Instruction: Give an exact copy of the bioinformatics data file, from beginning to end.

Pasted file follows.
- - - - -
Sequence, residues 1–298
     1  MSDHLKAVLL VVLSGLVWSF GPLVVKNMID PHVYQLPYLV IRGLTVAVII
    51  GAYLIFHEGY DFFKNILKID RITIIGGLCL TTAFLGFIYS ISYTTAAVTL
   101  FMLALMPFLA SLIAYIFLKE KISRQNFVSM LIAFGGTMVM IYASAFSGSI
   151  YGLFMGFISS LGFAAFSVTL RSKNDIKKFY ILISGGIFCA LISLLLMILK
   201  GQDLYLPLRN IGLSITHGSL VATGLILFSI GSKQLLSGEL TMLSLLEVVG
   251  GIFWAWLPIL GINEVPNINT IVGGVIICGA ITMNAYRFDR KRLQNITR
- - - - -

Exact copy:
Sequence, residues 1–298
     1  MSDHLKAVLL VVLSGLVWSF GPLVVKNMID PHVYQLPYLV IRGLTVAVII
    51  GAYLIFHEGY DFFKNILKID RITIIGGLCL TTAFLGFIYS ISYTTAAVTL
   101  FMLALMPFLA SLIAYIFLKE KISRQNFVSM LIAFGGTMVM IYASAFSGSI
   151  YGLFMGFISS LGFAAFSVTL RSKNDIKKFY ILISGGIFCA LISLLLMILK
   201  GQDLYLPLRN IGLSITHGSL VATGLILFSI GSKQLLSGEL TMLSLLEVVG
   251  GIFWAWLPIL GINEVPNINT IVGGVIICGA ITMNAYRFDR KRLQNITR